It was the kind of day that you can store away to hold against the cold and dark days of winter.
Flatirons in the distance. I live in beautiful country!
J on Coyote, K on Eddy and some random man who waited in the shadows for us to come up to him, said hi, trailed us for about a quarter mile and then headed into the trees. It was very strange.
There were several gates for us to go through on the ride. Ashke and I managed the ones that we could (some are on tight springs and required J to hold them open for us). The second gate we came to, there was no way I could position Ashke so that I could reach the gate. There was a partial fence there that prevented us from standing sideways. There was no chain, so I told Ashke to push the gate open. I imaged what I wanted in my head and then asked again. He pulled his lips off his teeth and used his mouth to open the gate. It was hilarious. Then at the second gate he did the same thing without being asked.
Here is Ashke closing the gate after we all went through.
Doudy Draw was uneventful and Ashke traversed it like a Champion. I was worried about K and Eddy (K has hiked this trail so she knew what to expect) since this is their fourth trail ride. J followed us down the trail to give us warning about impending bike riders. Every time we had someone pass us, K and I would find a place to pull off the trail and turn to face the approaching rider.
No trips, no spooks. Lots of rocks.
The trail through the draw and across to Community Ditch was much more rocky that it was the last time we rode this trail. The rocks were more exposed and larger. It was pretty slow going.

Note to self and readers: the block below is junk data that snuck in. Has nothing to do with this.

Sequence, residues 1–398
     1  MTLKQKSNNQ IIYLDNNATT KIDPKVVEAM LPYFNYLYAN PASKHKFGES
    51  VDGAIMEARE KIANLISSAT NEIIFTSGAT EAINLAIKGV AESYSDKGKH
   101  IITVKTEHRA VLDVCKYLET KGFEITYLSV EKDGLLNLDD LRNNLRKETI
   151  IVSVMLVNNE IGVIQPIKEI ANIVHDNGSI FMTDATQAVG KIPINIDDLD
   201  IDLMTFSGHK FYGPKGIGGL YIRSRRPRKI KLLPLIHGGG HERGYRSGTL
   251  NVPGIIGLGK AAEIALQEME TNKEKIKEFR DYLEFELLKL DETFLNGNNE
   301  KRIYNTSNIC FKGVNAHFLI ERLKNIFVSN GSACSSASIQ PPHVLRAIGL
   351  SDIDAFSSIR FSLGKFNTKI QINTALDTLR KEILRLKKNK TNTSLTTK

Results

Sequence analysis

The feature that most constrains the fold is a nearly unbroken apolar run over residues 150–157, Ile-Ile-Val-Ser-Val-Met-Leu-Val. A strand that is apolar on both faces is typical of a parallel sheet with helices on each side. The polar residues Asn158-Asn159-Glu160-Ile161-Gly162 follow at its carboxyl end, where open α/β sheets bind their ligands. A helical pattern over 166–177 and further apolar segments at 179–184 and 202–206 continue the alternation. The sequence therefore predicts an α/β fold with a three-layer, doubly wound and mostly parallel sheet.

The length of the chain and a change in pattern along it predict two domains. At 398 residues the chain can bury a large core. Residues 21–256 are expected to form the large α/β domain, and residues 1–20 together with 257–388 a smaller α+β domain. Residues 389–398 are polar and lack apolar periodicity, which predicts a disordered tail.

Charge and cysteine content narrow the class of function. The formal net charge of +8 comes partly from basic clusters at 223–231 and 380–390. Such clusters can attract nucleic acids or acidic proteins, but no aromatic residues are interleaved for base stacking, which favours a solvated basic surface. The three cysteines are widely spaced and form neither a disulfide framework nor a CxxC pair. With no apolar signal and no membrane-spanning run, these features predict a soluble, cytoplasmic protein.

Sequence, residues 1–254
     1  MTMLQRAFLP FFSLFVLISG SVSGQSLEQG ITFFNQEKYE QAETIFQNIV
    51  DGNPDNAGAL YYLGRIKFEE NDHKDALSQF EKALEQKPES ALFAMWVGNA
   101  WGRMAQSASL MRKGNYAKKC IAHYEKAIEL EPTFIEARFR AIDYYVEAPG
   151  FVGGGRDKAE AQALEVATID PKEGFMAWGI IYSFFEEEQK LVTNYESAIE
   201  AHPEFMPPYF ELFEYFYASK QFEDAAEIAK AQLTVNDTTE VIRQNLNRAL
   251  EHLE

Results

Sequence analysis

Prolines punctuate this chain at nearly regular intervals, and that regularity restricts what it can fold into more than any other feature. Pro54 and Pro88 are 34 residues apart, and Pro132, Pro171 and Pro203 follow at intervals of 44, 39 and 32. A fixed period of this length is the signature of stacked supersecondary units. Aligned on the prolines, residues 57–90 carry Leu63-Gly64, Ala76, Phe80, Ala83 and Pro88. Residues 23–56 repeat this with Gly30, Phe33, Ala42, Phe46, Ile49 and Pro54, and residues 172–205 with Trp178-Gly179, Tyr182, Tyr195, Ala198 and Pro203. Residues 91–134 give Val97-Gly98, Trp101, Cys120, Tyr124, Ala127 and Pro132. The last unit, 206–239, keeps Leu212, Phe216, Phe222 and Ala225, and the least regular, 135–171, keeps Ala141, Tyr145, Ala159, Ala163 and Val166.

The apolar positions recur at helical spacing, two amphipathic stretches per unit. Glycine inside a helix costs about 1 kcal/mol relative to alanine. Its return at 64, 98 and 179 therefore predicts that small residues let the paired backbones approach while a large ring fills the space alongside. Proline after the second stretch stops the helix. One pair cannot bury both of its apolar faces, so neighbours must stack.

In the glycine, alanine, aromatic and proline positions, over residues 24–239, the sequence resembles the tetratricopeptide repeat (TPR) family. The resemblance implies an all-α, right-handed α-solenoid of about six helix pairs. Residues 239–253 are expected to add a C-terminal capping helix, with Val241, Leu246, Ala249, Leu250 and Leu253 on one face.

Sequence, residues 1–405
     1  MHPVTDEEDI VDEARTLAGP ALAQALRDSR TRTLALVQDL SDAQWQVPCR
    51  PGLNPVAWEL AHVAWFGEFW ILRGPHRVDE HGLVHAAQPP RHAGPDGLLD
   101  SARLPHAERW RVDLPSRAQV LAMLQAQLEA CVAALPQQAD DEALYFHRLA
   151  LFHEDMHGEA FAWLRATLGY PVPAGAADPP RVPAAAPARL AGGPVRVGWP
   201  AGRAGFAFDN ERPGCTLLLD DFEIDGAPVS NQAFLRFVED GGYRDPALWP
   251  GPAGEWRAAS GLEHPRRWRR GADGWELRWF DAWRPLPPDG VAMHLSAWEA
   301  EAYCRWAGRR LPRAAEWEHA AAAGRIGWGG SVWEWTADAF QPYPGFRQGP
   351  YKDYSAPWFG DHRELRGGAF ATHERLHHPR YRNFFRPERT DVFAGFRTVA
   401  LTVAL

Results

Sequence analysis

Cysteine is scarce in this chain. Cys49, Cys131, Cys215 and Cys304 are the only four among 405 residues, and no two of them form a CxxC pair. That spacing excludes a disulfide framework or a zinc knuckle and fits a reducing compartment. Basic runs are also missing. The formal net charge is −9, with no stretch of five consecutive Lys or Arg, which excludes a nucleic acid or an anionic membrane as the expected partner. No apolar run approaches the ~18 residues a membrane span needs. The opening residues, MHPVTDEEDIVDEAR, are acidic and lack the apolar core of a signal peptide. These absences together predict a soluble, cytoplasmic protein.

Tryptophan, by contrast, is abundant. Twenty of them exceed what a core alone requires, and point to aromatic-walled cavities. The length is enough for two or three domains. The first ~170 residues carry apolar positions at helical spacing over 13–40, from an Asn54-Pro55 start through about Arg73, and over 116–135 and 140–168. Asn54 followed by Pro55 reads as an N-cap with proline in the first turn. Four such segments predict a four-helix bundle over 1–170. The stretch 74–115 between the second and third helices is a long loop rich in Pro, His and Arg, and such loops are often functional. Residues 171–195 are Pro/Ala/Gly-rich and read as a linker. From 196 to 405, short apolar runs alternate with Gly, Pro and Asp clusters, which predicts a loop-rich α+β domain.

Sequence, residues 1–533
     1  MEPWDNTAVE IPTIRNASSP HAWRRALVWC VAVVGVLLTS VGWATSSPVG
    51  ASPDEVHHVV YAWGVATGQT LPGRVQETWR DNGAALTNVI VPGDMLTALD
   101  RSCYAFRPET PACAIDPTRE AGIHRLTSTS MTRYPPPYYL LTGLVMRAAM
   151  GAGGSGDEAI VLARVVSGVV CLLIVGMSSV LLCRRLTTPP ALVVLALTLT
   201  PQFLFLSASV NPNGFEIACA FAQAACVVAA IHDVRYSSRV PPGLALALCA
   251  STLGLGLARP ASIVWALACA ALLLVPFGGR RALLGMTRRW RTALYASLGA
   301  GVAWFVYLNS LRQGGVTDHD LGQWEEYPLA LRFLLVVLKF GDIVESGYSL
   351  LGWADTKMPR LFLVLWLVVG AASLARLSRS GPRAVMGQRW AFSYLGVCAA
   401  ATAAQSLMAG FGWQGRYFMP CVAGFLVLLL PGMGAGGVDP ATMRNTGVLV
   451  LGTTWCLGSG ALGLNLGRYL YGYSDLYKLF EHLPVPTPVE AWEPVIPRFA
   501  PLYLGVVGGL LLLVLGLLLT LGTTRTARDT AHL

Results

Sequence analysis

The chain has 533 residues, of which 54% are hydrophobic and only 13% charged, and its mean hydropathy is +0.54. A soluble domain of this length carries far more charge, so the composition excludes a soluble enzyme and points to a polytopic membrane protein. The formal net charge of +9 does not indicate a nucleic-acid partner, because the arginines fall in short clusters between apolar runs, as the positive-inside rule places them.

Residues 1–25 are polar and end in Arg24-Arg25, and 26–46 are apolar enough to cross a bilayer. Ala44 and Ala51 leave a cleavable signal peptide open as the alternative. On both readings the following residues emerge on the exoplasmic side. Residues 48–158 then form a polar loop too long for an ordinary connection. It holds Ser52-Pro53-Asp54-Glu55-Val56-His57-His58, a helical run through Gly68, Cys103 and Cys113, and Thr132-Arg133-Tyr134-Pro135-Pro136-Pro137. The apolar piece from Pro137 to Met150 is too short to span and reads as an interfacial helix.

Sure was pretty though.
Such a gorgeous view. Can't wait to ride this trail into Boulder right under the Flatirons.
Kate is going to have to learn to not smile so much on our rides. Especially if the wind is blowing.
I think she's enjoying herself immensely.
J uphill from us. She followed us down the hill, instead of tearing down in front of us, mostly to keep us informed of riders coming down behind us. Eddy is still so raw and new to this, we were taking precautions to make sure he wasn't spooked off the trail. It's way to steep to risk that.
After the switchback, heading down into the valley.
At the bottom of the valley, the trail crosses the small stream, which is still pretty tore up from the flooding a year ago. We dismounted to cross and I cautioned K to be ready in case Eddy decided to try and jump it, but with K next to him, Eddy crossed like a champ.
Ashke was not happy about waiting at the crossroads.
J and K needed a snack break. I had eaten my sandwich in the truck, so I was good.
I'm not very good at waiting.
Haffie and Arabian butts.
I'm not very good at waiting.
We trotted up a decent part of the ditch, but didn't canter. K still hadn't cantered on trail, although she had cantered quite a bit in her lesson the past week. I told her that there was a place on the trail where we could try a canter if she wanted, since it would be toward the end of our ride (Eddy would be tired) and uphill (so much easier to ride out a bolt if they are running uphill).
We crossed past a water valve, which has caused K issues in the past, but Eddy went pass it without blinking.
Then we hit cows.
There were cows on both sides of us. Some were on the other side of the ditch (which had water in it) and some were on our side of the ditch. J went ahead to spook the cattle off of the trail, and Ashke was curious but not spooky. Eddy however, began to really react to the cows. I told K to get off and then hand walk him past them. She did and although Eddy reacted at first, they were able to work it out and he finally relaxed a bit. K remounted and then every time we went past another group of cows, we positioned Ashke between the cows and Eddy. He got a little nervous, but relied on Ashke's calm and K's reassurance to walk past them. By the time we passed the last group, Eddy could have cared less. Good job K on working her way through the obstacle.